1 stunned by Taser, arrested during truck driver protest on Okeechobee Road

Protesters gather at same site on Wednesday

MIAMI-DADE COUNTY, Fla. – A truck driver was stunned twice by a Taser and arrested Tuesday after he tried to stop police from detaining a woman in a crowd of people who were protesting low pay, high fees and increased Department of Transportation regulations, authorities said.

Florida Highway Patrol troopers said the protesters were blocking Okeechobee Road west of the Palmetto Expressway, causing authorities to shut down the road.

On Wednesday afternoon, Miami-Dade police asked drivers to avoid the area again as protesters had gathered on the road for a second day, although the road was not shut down to traffic.

According to an arrest report, the crowd became unruly Tuesday and a large group swarmed and surrounded several troopers and officers who were attempting to detain a woman, identified Wednesday as Yamiraky Guerra Lopez.

Police said Luis Calderon Martinez, 48, was holding on to Guerra Lopez and attempted to pull her away from officers.

Police said Calderon Martinez refused multiple commands to let go of the woman and struck one officer’s body with his right hand.

When Calderon Martinez continued to resist, one officer instructed all other authorities to let go of him and stunned him with a Taser, the report said.

Police said Calderon Martinez was put on the ground, but when he continued to be combative, he was stunned a second time.

According to the report, Calderon Martinez began to cooperate after the second time he was stunned and was taken to an FHP Miami station for processing.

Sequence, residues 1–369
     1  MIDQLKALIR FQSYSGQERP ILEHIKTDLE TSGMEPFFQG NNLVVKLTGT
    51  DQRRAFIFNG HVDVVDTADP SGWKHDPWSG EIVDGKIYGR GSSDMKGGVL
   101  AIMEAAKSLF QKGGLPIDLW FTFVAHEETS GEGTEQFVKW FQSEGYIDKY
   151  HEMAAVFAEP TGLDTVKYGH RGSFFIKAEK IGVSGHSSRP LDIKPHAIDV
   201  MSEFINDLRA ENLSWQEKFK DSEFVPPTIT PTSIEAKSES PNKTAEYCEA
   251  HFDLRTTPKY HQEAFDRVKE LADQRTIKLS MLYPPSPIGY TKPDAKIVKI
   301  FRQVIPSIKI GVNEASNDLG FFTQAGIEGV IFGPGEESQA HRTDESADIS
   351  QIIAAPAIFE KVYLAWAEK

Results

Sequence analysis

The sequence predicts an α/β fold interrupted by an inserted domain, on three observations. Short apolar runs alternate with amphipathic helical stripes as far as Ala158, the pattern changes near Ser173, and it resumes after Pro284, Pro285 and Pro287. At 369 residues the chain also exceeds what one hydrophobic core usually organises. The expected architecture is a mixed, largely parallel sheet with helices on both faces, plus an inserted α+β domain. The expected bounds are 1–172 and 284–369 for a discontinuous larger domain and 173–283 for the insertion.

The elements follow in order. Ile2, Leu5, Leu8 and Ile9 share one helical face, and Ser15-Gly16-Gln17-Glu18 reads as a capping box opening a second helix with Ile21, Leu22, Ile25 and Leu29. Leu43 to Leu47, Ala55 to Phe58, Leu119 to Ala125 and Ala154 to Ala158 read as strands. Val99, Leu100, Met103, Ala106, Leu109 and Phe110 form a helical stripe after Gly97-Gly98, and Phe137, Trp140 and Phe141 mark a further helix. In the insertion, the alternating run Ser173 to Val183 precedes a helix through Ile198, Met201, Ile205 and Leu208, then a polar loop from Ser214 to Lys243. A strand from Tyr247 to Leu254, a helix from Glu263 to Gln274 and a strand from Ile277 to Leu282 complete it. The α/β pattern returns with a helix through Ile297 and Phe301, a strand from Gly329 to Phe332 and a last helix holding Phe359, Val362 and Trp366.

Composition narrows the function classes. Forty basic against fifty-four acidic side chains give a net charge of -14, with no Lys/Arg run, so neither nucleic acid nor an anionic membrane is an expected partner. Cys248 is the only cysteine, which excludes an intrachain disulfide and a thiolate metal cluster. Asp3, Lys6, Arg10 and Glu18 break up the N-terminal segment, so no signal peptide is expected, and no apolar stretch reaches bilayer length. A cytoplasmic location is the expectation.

Cynthia Calderon recorded her father being hauled away with a woman.

"I feel like they are treating him like an animal. I think cops should see the hard work these truckers go through every day of their lives," Calderon said.

Calderon Martinez faces charges of resisting an officer with violence and battery on a police officer.

 Most of the drivers are independent contractors who lease or own their trucks, according to the Owner-Operator Independent Drivers Association. The organization is contesting the Federal Motor Carrier Safety Administration's electronic logging device mandate

The companies that contract the truck drivers don't have to pay their insurance, according to the American Trucking Association. The cost of the logging device would also fall on the truck drivers, who need to have one running by Dec. 16, 2017, according to the rule

The protesters organized a rally ride from Miami-Dade County to Tallahassee. There was a similar protest near the Florida State Capitol, where police arrested a trucker who refused to move his truck and another who they said attempted to impede the arrest.

About the Authors:

Amanda Batchelor is the Digital Executive Producer for Local10.com.

The Emmy Award-winning journalist joined the Local 10 News team in 2013. She wrote for the Miami Herald for more than 9 years and won a Green Eyeshade Award.